Professor Collins’ SoCal Philosophy Academy: ‘The Foundation of All Intellectual Activity’

Photo+by+Eric+Duchanin+-+Staff+Photographer%0A

Photo by Eric Duchanin - Staff Photographer

Aaron Rohrer, Reporter

Associate Professor of Philosophy at California Lutheran University, Brian Collins will continue to lead the SoCal Philosophy Academy, an immersive five-day opportunity for high school students to learn about meaningful philosophical discourse with use of a Graves Award in the Humanities grant. 

“The main goal of the institute is simply to introduce high school students to the discipline and practice of philosophy,” Collins said in an email interview. “I believe this is important because the practice of philosophy (dialogue & critical thinking) is the foundation of all intellectual activity.”

This camp is designed to provide an opportunity for high school students who are eager to learn more about the discipline. Since Collins founded the camp in 2017, participation has almost doubled, reaching 50 students in 2019. 

Cal Lutheran sophomore, Augustus Wachbrit, attended the SoCal Philosophy Academy as a high school student in 2017. 

It was a wonderful experience where I was able to meet and talk with philosophy majors and kids who were just as curious (and uneducated on matters of philosophy) as I was,” Wachbrit said in an email interview. 

Wachbrit is an English and philosophy double major and feels that through the courses and opportunities he has experienced at Cal Lutheran, he has solidified his goal to work in the world of academia as a philosophy professor. 

“Each year Cal Lu philosophy students have volunteered to assist with the institute – working with the high school students each day, engaging in discussions with them, pushing them to deepen their critical thinking, and modeling how philosophical investigation and discussion is done,” Collins said.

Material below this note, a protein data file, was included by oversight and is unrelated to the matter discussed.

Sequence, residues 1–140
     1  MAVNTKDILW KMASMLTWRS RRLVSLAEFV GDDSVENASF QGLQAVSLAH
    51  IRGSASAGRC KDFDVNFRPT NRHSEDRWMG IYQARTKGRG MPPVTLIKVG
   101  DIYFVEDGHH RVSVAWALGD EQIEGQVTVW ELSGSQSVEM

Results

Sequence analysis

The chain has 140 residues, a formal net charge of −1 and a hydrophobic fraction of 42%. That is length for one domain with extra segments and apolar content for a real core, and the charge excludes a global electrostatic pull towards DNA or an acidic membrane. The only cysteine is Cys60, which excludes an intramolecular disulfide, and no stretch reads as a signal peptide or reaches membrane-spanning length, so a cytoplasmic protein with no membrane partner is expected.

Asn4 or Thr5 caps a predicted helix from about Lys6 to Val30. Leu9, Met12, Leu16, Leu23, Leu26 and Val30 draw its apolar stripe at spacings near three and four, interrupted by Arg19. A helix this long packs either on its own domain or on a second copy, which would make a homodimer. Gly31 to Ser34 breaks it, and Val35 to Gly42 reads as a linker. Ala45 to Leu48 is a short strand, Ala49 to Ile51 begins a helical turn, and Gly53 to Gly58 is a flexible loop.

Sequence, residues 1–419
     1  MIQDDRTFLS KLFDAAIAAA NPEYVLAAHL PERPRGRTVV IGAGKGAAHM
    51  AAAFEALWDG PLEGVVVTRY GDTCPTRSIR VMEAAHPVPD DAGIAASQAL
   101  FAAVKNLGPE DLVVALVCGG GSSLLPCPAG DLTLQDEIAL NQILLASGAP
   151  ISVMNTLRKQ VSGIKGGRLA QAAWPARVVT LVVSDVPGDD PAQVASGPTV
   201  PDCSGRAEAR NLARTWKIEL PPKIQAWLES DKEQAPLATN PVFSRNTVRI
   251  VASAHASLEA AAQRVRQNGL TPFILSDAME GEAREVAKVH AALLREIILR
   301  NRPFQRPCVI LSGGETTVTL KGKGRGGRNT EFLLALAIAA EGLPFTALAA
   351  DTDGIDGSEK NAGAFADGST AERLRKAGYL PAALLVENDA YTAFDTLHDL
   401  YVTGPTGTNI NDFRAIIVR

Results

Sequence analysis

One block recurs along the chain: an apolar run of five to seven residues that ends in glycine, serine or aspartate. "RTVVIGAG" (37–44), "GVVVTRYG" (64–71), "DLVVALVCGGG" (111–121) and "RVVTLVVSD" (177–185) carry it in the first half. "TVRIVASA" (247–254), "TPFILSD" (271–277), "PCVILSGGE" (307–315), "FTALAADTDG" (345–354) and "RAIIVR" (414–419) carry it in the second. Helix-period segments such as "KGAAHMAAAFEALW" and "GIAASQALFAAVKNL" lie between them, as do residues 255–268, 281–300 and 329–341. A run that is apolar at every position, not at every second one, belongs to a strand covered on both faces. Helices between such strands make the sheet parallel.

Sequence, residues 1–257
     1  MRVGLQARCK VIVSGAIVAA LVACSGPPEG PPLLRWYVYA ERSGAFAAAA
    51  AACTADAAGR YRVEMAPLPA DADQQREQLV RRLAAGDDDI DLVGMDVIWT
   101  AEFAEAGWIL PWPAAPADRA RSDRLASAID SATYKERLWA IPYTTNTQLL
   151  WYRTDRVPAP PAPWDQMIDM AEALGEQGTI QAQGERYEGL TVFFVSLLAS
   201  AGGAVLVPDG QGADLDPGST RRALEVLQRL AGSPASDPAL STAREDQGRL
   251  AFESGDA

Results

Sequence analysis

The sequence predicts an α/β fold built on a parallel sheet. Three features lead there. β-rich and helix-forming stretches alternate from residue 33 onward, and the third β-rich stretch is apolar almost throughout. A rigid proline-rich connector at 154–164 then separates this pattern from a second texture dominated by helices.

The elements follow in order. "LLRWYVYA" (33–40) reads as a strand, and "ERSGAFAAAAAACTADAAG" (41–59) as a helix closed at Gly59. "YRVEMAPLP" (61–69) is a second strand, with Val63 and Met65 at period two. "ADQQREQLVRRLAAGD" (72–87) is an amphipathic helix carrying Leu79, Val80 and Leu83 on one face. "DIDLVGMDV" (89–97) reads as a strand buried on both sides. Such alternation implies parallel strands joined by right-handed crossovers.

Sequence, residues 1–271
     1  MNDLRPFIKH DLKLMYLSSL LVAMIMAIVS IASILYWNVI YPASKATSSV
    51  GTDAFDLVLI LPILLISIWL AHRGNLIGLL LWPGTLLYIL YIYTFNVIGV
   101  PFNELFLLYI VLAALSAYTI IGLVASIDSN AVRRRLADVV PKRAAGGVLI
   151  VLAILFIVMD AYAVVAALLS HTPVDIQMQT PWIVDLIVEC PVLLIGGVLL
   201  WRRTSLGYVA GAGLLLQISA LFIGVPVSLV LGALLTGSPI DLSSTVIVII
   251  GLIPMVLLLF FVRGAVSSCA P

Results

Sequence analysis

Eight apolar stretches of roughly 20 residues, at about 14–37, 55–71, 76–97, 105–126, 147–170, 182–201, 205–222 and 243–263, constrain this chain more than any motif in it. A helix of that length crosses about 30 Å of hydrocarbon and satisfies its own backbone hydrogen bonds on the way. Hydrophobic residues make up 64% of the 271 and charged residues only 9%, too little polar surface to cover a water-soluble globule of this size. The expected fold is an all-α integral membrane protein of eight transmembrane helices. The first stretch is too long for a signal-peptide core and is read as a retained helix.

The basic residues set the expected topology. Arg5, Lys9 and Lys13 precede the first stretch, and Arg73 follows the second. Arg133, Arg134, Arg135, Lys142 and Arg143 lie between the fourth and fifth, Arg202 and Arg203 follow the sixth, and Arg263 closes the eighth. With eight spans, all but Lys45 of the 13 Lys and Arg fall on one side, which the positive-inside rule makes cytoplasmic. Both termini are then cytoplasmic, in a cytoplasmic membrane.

Wachbrit returned to the camp as a volunteer in  2019 where he also had the opportunity to conduct research, studying the relationship between philosophy education and critical thinking of the student participants. 

“We wanted to know whether the institute was having an effect, and to what extent, on the critical thinking abilities of the students who enrolled in it,” Wachbrit said. “This is an important question because the results would obviously inform the programming for the institute in the future and could have further ramifications for philosophy education beyond Cal Lutheran and the summer institute.”  

These findings were slated to be presented by the researchers at the University of California San Diego for the sixth annual Philosophy Learning and Teaching Organization conference in June. However, due to the ongoing COVID-19 pandemic, the event has been postponed until the summer of 2021. 

Students who have attended this program in previous years have expressed the knowledge they gained was crucial to their practical understanding of everyday life. 

Information about the program and updated status of the 2020 session is available on the website.

“Practicing thinking philosophically helps develop critical thinking, problem solving, and communication skills that are foundational and practically useful for all academic and career endeavors that one might want to pursue,” Collins said. “Stated simply, I believe that engaging in philosophical discussion and investigation can make someone a better, clearer, and more precise thinker.”